“There’s two things to know about me: I love food and I’m cheap. And what happened was, those two things clashed because I wanted to travel,“ the affable Neuven said. “In order to travel, I needed to airplane seats and I could go to the doctor and get (certification) .the doctor had to say ‘yes you are too big for one seat’ so I could get a second seat in Canada but I couldn’t get the super hot deals to go to Mexico because I would have to pay for the second seat. So, when the cheap side and the ‘I love food side’ started to clash, all of a sudden I really want to be able to travel. For me, it was about I was tired of that inconvenience of being that big, of going into restaurants and not being able to get a chair with arms, not being able to take advantage of things others could. I wouldn’t be able to bungee jump, I couldn’t Zipline, you know what I mean? It was not really about the appearance…(even though) I could only shop in one store.
“When people ask me why I was successful… I learned to love myself as a big person. I accepted myself the way I was. I used to say to my dad ‘I think I’m fat to teach you tolerance,’” she explained.
“I didn’t care if people looked at me. I didn’t care what people said. I would try to do the things I wanted to do even when I was fat. When my son went skiing in kindergarten I went because I could ski when I was a kid and hopefully I still could. I last half an hour but I could still ski.
“I got to the point though where ‘if I love myself then I maybe I treat my vessel a little better and start taking off some of the weight.”
Neuven had a family member tell her when she was younger “you have such a pretty face” and to her that meant the rest of her wasn’t. She was told she was fat so many times that it absolutely engrained that into her belief about myself and she became what she believed she was.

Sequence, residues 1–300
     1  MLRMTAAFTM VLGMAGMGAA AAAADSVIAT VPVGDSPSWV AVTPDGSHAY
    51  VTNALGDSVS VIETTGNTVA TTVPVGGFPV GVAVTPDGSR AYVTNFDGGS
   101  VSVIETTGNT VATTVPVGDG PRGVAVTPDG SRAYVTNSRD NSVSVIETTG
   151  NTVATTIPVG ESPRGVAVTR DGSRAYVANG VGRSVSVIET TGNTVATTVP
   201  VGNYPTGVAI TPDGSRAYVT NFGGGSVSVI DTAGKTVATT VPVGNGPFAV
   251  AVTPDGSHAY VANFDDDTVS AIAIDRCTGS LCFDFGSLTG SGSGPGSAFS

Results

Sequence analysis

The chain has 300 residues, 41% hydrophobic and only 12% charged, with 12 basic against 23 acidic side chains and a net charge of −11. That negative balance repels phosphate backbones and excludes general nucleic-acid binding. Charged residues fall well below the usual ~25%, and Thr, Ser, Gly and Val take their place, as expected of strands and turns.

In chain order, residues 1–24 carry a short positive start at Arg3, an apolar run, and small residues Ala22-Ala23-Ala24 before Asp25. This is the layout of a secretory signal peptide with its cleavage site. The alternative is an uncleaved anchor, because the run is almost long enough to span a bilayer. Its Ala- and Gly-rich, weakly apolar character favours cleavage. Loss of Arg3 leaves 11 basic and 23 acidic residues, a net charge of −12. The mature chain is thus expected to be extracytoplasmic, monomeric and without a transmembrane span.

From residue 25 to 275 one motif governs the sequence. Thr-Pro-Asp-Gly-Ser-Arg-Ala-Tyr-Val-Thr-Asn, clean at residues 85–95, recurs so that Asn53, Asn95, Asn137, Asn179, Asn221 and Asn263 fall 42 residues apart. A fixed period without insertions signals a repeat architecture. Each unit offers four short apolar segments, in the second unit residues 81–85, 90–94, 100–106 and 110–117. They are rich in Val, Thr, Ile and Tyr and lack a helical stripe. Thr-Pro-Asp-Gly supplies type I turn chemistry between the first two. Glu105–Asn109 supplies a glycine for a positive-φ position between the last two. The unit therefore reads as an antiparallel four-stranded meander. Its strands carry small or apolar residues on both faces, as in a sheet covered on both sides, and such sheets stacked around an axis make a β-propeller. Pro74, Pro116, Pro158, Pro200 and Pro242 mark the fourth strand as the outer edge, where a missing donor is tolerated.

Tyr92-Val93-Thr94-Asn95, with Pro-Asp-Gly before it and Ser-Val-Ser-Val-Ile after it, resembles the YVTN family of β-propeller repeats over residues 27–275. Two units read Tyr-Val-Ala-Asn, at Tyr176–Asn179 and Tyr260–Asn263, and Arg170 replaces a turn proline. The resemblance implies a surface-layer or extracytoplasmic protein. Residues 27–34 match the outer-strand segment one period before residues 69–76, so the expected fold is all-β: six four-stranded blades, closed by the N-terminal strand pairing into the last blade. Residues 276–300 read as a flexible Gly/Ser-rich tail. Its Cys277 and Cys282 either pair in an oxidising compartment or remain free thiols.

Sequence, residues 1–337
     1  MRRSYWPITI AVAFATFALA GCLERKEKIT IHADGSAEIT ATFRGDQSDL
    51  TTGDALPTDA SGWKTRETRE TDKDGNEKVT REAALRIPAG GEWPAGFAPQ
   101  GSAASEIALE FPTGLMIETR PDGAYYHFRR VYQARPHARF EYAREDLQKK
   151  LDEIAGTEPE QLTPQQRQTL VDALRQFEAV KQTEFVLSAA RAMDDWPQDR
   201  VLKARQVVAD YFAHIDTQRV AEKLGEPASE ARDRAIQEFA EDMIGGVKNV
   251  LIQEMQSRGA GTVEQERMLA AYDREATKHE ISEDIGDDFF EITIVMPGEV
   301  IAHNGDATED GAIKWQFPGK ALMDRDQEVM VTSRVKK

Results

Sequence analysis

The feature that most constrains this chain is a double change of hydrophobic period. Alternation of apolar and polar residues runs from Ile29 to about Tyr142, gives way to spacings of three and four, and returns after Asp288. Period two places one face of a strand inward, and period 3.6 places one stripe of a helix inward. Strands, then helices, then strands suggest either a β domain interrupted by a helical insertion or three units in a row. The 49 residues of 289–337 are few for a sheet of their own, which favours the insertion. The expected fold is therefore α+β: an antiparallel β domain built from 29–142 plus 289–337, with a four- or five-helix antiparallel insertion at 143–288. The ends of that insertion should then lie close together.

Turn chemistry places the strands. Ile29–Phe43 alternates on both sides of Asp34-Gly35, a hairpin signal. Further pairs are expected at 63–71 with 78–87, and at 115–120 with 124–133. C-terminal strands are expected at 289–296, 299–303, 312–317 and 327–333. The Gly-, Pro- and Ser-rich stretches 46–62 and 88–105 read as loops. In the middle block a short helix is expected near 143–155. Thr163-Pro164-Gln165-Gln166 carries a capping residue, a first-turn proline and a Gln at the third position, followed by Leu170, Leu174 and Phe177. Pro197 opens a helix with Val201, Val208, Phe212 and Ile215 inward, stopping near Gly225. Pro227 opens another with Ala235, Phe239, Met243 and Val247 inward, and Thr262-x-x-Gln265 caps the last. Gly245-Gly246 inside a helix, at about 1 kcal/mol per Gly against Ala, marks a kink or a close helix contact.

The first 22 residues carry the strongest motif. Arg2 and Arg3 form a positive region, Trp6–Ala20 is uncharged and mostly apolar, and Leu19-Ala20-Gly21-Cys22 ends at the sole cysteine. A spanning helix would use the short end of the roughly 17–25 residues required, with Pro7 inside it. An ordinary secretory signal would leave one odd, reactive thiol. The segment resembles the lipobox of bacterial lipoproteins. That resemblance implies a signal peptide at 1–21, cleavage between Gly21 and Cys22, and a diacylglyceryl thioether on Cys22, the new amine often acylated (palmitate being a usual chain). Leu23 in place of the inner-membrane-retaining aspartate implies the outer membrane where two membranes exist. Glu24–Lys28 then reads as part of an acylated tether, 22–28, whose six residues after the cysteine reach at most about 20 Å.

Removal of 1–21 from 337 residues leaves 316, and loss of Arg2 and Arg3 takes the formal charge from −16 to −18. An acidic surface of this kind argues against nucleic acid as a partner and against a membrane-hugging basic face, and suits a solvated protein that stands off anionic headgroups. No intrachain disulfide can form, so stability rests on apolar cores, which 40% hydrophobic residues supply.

“I was always a stocky kid. I was stockier then the other kids. I was the fat kid in class. It is really funny, when I think back I remember myself as fat but when I look back at pictures, I was just a stocky kid. It is hard to explain,” noted Neuven. “My memory of myself doesn’t match the actual pictures of myself, because that self image from being the fat kid is so engrained in my head. I was bullied as a kid. I don’t harbour resentment. When you grow up you can look back and think kids do what they have to do to survive.”
Her family all struggled with weight and it was an issue when she in her preteen years.
“It was always something that was in the forefront and we are always worried about what we were eating, but I grew up on a farm and it was meat and potatoes. And the vegetable was chosen on the colour and how it formed the plate. You know you didn’t have corn with the turkey. You have peas. Wasn’t a focus on health.
“My mom shows to this day and still does to this day and shows you that she loves you through food. Sunday morning was waffles and bacon…to this day she still has a hard time when I go over there. I don’t want the (unhealthy food). I don’t want that anymore. She will say 'you’ve worked so hard you deserve a little (junk food). Who doesn’t have that mental conversation? I still do.”
Her infectious confident smile in Woman’s World is found at a store near you. She also writes a blog found at: https://harnessthehangry.com/
While she has achieved a lot of success, it is not easy and it is still a daily struggle which she outlines in the blog. She says ‘hangry’ is the little monster in her head that wants to eat all the food. The blog has been popular.
“People have always been super supportive. I think the reason I ended up with a blog was that I couldn’t really go anywhere without people asking, what are you doing, how are you doing this and I finally got to the point where I could just say go check out my blog so that I could keep going with my day kinda thing,” explained Neuven who added people are seeing the magazine now. “Everybody has been awesome. My mom and dad are super excited. The community of Cabri and the librarians looking for copies, just that kind of stuff, it is awesome.
“Right now the recognition isn’t so high as everyone has to wear a mask everywhere you go (laughing). I actually got recognized in Costco more from my blog before (having to wear a Cover-19 mask), it is really, I mean I don’t mind I, but it is really weird having somebody come up to you that you don’t know and go, “oh my goodness, I saw you and on your blog…”